As with our recent Holiday CPU Guide, we have quite a few price segments to cover, ranging from Ultra Budget GPUs through Extreme Performance GPUs. We also have to worry about multiple GPU combinations courtesy of CrossFire and SLI. With numerous overlapping products from both ATI and NVIDIA, it is important to remember that we will be classifying products based off of price rather than on performance, so in some cases we will have less expensive graphics cards that can outperform more expensive models. Finally, let's not forget that there are still a few AGP users hanging around, so we will mention those products were appropriate.

Integrated Graphics Solutions
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  • JarredWalton - Thursday, December 14, 2006 - link

    Fair enough - I added a Midrange Overclocking for you. It's still more like $165 according to the prices I found at Newegg and ZipZoomFly, unless you're seeing something cheaper?
  • Noya - Saturday, December 16, 2006 - link">
  • JarredWalton - Saturday, December 16, 2006 - link

    Got a better one for you:">Sapphire X1900 GT v2

    Sure, it's the slower clocked version of the GT, but no rebate and $141 shipped is quite tasty. This wasn't available two days ago, I can say that for sure.
  • TechLuster - Thursday, December 14, 2006 - link

    The 7600GT (and GS as well I think) has 8 ROP's, not 6. Jarred, you may want to fix this.

    And, though I have no resource to back this up, I have a hunch that the 6600GT has 8 (not 4) also.
  • JarredWalton - Thursday, December 14, 2006 - link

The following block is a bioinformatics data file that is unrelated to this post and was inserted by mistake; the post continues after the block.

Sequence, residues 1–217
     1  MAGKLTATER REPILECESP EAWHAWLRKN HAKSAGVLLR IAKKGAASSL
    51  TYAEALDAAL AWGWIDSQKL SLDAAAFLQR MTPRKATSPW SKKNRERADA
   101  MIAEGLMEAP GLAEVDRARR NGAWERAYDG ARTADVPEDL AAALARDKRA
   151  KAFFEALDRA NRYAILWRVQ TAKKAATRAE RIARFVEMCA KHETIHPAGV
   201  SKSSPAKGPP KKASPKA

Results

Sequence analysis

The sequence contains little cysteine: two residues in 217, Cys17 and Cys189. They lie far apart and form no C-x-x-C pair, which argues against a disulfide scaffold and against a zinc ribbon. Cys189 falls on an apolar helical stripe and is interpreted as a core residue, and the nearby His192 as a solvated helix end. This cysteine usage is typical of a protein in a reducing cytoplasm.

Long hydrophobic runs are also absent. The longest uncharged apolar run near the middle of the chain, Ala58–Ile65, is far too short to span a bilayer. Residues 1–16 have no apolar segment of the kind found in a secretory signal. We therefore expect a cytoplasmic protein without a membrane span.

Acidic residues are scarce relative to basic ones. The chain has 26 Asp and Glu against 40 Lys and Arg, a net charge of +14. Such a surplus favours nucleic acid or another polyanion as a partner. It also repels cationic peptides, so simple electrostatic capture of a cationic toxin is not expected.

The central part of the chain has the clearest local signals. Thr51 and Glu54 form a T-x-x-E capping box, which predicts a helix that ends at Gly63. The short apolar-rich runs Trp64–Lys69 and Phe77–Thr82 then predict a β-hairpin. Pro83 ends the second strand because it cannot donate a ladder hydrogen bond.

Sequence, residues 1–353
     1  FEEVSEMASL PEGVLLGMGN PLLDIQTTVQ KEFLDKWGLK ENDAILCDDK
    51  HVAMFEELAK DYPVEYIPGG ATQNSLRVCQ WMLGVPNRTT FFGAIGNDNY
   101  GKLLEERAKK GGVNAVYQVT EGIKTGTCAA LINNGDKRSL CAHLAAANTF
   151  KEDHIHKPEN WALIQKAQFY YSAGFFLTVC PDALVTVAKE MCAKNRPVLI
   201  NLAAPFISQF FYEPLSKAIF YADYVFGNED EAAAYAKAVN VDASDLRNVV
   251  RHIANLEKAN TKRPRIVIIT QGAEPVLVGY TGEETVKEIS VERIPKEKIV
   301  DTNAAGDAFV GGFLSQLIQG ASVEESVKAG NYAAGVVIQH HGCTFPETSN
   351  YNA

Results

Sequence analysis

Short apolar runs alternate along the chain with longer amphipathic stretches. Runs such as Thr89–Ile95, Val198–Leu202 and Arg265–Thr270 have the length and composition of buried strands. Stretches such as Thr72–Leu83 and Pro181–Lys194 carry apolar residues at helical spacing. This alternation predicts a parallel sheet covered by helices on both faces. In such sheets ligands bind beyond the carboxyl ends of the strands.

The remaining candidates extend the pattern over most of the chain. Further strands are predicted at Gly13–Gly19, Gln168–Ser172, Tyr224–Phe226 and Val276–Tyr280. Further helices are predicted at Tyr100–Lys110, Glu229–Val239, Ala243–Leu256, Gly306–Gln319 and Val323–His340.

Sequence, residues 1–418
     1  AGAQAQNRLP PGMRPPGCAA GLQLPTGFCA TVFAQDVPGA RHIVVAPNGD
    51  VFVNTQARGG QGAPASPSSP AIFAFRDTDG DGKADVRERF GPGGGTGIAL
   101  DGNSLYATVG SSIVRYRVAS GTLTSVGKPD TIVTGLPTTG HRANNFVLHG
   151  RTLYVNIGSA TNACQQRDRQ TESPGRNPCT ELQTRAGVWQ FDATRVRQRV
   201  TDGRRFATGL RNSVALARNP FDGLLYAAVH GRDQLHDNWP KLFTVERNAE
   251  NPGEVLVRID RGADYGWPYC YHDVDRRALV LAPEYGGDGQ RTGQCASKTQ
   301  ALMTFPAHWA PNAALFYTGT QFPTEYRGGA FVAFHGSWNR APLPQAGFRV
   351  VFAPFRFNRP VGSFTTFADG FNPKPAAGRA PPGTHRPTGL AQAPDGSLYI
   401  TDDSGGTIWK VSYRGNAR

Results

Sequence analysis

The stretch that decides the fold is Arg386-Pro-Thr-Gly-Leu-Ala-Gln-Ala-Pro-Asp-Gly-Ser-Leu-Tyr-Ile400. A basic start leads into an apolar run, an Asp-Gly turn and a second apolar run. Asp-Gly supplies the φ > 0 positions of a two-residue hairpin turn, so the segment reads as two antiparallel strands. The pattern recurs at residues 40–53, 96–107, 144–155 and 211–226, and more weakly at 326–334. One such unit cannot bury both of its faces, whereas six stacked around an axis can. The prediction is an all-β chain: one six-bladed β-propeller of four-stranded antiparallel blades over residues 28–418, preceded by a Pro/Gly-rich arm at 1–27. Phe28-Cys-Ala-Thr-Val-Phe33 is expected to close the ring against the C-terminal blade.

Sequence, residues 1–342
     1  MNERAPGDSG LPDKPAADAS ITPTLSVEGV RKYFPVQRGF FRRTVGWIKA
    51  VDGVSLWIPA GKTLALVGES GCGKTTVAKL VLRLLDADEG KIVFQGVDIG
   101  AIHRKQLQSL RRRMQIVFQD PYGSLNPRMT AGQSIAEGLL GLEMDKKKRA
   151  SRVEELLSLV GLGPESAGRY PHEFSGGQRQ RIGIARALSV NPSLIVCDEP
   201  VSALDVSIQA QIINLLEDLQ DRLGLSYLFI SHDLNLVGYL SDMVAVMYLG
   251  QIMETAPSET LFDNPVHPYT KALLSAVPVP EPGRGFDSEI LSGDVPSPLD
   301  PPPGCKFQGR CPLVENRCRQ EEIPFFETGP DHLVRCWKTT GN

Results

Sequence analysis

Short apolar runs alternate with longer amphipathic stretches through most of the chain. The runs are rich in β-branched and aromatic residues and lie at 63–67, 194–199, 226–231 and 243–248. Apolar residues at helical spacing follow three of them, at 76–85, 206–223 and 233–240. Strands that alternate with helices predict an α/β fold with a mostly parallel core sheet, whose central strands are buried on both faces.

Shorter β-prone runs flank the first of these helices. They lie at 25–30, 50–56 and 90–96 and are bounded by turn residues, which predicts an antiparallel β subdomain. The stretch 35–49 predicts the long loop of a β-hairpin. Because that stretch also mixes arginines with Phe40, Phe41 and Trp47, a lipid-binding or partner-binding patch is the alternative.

You're correct on the 7600 GT, but there are quite a few places that agree 6600 has 4 ROPs, like">Wiki for example.
  • TechLuster - Friday, December 15, 2006 - link

    According to this article">

    the 6600GT has 8 ROP's. Perhaps the Wiki is referring to the vanilla 6600, but I still doubt that NVIDIA broke with the 1:1 pixel pipe:ROP ratio with any version of the 6 series.
  • JarredWalton - Friday, December 15, 2006 - link

    I know some places say 8 ROPs, but I think more say 4.">TechReport">Another Wiki Link">Legion Hardware">BeHardware - why 8 ROPs isn't necessarily a good idea

    Basically, the way I see it is that it probably doesn't matter too much either way - X1900 and 78/7900 have both shown that 16 ROPs for more pixel shaders is fine - and the idea was to make a more budget oriented part. One of the ways to do that is to cut unnecessary extras like additional Render Output Pipelines. As for 6600 vs. 6600 GT, those are the same chip with different clock speeds, so they have the same number of functional units.

    Even if 6600 does have 8 ROPs (I can't find anything official from NVIDIA), the important thing is that a 6600 GT is now slower than a lot of the newer ~$100 cards. :) But hey, if someone gets a specific answer from NVIDIA, I can update. I can also fire off an email just to verify, but it might take a bit to get an answer (if they answer at all).
  • microAmp - Wednesday, December 13, 2006 - link

    Not sure if this is worth a mention in the article or not, but currently has 15% off which can be used on the XFX 8800 GTS/X cards. If you can dig up a another coupon, Dell sent me one via email for 10% off, the deal can be even sweeter.

    I got the 8800 GTS for $382.50 and free shipping. Sweet deal for others not living in Texas like me. About $420 with tax.

    Only reason I mention this is because you mention using MIR on the EVA 8800 GTS.
  • LoneWolf15 - Thursday, December 14, 2006 - link

    I did the same thing. Mine came out to $404 after tax here in Michigan.

    XFX also has a double-lifetime warranty; that is, a lifetime warranty which applies to the first owner, and a second owner, should the first resell the card. You have to make sure you register the card, but it's a neat feature.
  • SonicIce - Wednesday, December 13, 2006 - link

    So I guess it's RIP AGP. :(